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Why You Should Learn the Pan Pipe!


If you're looking for a new instrument to pick up, I'd like to share with you my experiences learning this wonderful instrument - the pan pipe! There are many types of pan pipes around the world, and the one I'm going to show you is called a siku, native to the andean region in countries such as Bolivia, Chile, Peru, and many more. It has been such a joy to learn this instrument and I'm eager to share some insights about why I think you might enjoy learning it too.

Welcome to 'Ethnomusicology For The World', my online lesson series where I strive to help the world better understand and appreciate its diverse musical cultures.


Before You Begin:

Download my free resources to guide you along!


What is a Pan Pipe?

A pan pipe is an instrument comprised of closed-end pipes arranged in a row ascending in pitch. Some pan pipes comprise of a single row while others, like mine, have two rows. The pipes can be made of a variety of materials such as cane, bamboo, plastic, PVC, and even metal.

Traditional panpipes are usually diatonic, meaning they only comprise the notes of the diatonic major scale. There are chromatic variations as well to adapt to more modern and globalised styles of playing.

Music Example: 'Sankayo Pankara'

Why You Should Learn the Pan Pipe!

There are many reasons, in my opinion, why the pan pipe is a great instrument to learn especially if you are new to playing music.

It's easy to pick up

The pan pipe was the first and only wind instrument I've seriously learnt to play, and what I found is that it is really easy to start creating a decent sound on it. You just need a little experimenting on the angle and velocity of your breath for each tube and you'll be able to create music very quickly.

It's easy to create melodies

As the pan pipe is normally diatonic, it's easy to figure out familiar melodies on your own by playing around with the tubes. Compared to other flutes that require specific fingering patterns to create different notes, the pan pipe is very intuitive. Shorter tubes create higher notes, longer tubes create lower notes.

You can learn it on your own

In traditional andean communities, it is rare to find professional instruction in pan flute playing. There's a reason for this - it's easy to figure out on your own! This means that you can make good progress just by exploring the instrument yourself.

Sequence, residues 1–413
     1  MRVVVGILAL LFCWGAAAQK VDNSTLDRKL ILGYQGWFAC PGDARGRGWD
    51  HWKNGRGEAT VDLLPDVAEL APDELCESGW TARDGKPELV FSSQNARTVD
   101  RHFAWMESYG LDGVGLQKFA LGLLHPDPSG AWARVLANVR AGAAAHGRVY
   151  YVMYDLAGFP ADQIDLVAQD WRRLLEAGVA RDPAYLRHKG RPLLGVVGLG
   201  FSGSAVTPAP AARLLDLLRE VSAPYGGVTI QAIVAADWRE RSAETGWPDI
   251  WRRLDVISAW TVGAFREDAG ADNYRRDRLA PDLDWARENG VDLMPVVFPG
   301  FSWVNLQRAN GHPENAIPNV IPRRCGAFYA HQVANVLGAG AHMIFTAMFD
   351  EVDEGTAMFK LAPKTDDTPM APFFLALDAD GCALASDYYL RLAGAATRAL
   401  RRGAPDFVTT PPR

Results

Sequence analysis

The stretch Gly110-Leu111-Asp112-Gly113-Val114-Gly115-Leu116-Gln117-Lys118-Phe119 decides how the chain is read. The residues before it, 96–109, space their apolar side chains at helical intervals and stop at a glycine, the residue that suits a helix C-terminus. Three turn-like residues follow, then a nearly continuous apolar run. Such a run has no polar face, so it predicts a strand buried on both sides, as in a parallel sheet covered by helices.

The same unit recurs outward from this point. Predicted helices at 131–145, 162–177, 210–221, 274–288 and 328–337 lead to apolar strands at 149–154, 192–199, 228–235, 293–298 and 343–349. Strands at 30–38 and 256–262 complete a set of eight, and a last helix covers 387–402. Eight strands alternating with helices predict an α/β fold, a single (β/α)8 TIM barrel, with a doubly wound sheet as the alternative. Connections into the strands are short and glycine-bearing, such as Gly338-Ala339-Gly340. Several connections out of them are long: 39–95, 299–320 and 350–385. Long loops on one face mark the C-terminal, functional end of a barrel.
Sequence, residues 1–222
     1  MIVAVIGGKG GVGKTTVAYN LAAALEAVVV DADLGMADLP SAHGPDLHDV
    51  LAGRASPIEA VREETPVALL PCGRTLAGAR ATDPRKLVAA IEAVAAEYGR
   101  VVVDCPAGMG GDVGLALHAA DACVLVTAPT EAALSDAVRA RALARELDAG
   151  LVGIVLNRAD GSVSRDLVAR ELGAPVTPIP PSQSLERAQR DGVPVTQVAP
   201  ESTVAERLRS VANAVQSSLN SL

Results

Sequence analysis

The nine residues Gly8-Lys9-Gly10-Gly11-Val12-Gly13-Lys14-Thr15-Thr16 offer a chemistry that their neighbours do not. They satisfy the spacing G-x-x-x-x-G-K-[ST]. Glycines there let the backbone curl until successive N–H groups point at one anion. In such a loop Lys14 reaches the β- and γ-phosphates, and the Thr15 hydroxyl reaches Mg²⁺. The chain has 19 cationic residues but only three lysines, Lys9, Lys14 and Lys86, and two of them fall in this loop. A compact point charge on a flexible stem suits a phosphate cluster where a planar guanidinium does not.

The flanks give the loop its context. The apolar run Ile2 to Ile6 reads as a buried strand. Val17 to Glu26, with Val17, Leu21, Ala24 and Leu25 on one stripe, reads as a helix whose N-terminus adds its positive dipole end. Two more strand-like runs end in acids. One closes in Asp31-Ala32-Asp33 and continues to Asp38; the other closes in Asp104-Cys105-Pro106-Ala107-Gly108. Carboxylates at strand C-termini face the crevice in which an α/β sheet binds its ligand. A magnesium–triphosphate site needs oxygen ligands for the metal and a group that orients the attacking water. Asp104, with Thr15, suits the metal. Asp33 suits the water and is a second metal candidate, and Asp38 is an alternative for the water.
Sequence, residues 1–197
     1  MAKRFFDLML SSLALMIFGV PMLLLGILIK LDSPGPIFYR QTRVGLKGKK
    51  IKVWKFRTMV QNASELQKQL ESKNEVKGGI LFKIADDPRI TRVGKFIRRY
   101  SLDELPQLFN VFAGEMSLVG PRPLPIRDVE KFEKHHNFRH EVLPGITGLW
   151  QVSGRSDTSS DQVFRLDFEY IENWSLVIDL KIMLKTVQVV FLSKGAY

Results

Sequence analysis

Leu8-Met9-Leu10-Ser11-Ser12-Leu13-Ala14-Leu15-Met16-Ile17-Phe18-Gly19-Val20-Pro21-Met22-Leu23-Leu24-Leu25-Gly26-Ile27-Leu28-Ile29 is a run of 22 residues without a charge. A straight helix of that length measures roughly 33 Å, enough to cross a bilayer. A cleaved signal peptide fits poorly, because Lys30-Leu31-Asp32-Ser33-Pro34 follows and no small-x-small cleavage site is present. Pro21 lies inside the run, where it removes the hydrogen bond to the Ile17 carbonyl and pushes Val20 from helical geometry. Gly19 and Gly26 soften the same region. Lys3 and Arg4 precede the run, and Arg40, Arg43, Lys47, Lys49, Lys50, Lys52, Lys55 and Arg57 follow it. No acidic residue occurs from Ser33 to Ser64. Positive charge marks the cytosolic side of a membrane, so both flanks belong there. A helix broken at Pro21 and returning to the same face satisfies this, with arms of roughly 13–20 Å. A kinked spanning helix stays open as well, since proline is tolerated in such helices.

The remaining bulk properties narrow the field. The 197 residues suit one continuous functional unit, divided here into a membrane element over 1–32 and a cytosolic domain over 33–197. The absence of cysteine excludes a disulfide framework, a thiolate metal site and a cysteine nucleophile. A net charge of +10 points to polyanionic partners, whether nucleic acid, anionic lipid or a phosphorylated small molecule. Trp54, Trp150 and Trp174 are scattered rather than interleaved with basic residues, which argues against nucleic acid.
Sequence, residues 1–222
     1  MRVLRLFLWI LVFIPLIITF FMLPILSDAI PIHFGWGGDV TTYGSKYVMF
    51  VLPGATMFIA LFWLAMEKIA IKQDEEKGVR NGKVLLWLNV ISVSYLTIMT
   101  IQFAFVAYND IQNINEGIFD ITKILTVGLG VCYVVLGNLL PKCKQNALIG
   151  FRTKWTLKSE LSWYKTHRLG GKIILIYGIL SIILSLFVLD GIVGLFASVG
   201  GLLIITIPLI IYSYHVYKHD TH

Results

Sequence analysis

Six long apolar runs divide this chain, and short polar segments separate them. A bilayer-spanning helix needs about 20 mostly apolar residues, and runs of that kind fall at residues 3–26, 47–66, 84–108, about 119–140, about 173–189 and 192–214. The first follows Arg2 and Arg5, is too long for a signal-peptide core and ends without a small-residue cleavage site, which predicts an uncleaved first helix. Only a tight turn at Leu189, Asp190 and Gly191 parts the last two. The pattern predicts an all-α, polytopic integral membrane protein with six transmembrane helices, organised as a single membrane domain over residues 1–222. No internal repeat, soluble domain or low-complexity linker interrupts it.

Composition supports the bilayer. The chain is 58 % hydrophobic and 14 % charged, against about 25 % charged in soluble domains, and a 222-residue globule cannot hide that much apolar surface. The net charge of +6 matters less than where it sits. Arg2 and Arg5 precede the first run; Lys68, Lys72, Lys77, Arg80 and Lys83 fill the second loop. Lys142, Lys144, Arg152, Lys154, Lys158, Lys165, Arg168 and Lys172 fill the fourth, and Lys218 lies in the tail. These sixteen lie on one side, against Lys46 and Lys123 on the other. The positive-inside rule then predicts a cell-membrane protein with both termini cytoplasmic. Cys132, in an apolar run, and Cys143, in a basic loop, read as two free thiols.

Of course, it's good to get some tips and advice from an experienced player, but this is not as essential a requirement as in learning other instruments.

It's portable and lightweight

I love how convenient the pan pipe is when travelling - I can pack it in my backpack and it hardly weights anything. Of course there are humongous variations, but just start with a normal sized one first.

It's relatively cheap

Well, this depends on how readily you can access this instrument. I live in Singapore and there's no way you can find one here, so it is expensive to ship it over. But if you live somewhere you can find a shop selling them, they don't cost much!

It's unique and cool

That's the truth! You don't find the pan pipe often in popular western music and that means you'll stand out as a pan pipe player.


I hope I've been able to share and excite you about this beautiful instrument. Of course to add to all those reasons mentioned is that the pan pipe sounds gorgeous. It's rich and powerful, but at the same time melodic and sweet!

Do leave a comment with any questions you might have and I'll do my best to answer them. Follow along my musical journey on my YouTube, Instagram, Facebook, and website as I share new music videos and lessons each and every week.

Until next time, I'll see you again!

By Neil Chan


Patrick Fisher
Patrick Fisher
Nov 18, 2023

Your message gave me the extra bit of courage I needed to order one and try learning how to play the pan flute. I'm 73, wish me luck. Patrick, Rochester NY

Neil Chan
Neil Chan
Dec 07, 2023
Replying to

All the very best Patrick! Enjoy the journey, and happy to have motivated you.

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